The QNX desktop has seen some significant improvements over the last few months. While it is still mostly a one-person spare-time project, it is becoming more and more usable.
First, I owe a debt from my original post. I was reprimanded by commentators for the window decoration’s lack of visual appeal. To address this I added a simple theme plug-in API to the window manager, which facilitates the creation of new themes. These are built into shared objects that are loaded when the window manager starts. With the help of the Cairo library I was able to write two new themes: one original, the other less so (see if you can spot it…).
No desktop system is complete without the ability to play back music and video. The QNX playback engine is called mm-renderer, which I was able to add to the system with ease, owing to some fairly good documentation. Moreover, the Qt libraries are already set up to use mm-renderer, which means that once it was running I was able to use Qt’s media player demo to play both music and videos. Nevertheless, this simple demo is a far cry from a good media player. After trying various options I found the excellent Musique music player. Musique has very few dependencies other than Qt, but it does rely on a playback library (QtAV) that I did not want to port (given that it has many dependencies of its own). Luckily Musique’s code is well organized, with media playback encapsulated by a separate library with its own interface. Implementing this interface using Qt’s native QMediaPlayer class was almost trivial and the result is fantastic.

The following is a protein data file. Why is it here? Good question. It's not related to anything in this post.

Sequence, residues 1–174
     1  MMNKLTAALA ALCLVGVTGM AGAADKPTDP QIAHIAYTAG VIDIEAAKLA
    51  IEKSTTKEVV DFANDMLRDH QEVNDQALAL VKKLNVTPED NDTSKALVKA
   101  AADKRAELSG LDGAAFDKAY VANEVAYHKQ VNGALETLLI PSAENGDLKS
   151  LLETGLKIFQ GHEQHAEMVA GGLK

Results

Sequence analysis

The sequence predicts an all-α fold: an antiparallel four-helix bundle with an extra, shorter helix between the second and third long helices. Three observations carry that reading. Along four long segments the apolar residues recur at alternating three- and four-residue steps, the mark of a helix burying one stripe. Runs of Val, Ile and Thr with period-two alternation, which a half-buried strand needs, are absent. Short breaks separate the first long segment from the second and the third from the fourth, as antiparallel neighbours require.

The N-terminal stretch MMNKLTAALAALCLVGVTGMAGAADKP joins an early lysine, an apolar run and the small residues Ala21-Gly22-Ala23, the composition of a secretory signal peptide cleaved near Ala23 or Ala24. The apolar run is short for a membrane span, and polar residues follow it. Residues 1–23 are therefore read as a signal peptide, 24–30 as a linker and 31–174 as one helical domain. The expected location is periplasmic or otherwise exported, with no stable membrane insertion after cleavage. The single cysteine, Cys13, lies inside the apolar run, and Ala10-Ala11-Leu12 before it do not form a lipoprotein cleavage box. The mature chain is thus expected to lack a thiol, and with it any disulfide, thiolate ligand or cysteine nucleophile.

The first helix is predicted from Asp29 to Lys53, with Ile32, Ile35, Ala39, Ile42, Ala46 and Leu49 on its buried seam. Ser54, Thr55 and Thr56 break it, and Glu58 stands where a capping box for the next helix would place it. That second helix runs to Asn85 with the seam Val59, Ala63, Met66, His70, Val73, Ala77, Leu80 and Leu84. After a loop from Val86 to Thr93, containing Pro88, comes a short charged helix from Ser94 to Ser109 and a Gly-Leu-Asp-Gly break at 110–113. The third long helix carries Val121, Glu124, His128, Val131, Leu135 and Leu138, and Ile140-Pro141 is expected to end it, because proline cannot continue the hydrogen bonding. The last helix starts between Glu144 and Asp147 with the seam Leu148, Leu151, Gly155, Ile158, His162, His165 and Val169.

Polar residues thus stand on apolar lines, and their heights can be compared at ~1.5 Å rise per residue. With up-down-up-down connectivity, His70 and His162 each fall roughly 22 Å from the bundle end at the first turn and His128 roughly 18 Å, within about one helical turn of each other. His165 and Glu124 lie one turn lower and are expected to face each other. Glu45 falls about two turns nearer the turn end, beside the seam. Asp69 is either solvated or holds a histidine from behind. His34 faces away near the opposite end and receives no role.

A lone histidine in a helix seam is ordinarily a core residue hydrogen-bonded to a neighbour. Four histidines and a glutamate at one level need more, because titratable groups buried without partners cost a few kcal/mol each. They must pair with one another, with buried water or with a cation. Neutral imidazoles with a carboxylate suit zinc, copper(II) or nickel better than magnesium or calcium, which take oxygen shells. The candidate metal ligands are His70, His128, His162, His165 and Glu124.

Finally, starting mm-renderer allows the browser to play media without any further changes.
The lack of an office suite used to be a significant hurdle to the adoption of alternative desktop operating systems (I still remember my attempts to use WordPerfect and Star Office on RedHat Linux 5.0). Things have changed dramatically with the proliferation of web-based applications such as Google Docs and Office 365, which can be accessed by any system with a modern browser.
Of course, real men (and women, and small furry creatures from Alpha Centauri) don’t use word processors. They us LaTeX. And if writing LaTeX code in Emacs is not your thing, there is TexMaker to the rescue.
On top of the existing set of development tools (GCC, GDB, Emacs, Vim, Valgrind) the QNX desktop now includes Qt Creator. The following screenshot is my homage to the most aesthetically-pleasing desktop ever created, including an attempt to write a matching Qt style.
And one more thing…
Need access to a Linux-based system? No problem. The QNX Hypervisor supports various Linux flavours, including Ubuntu and Android.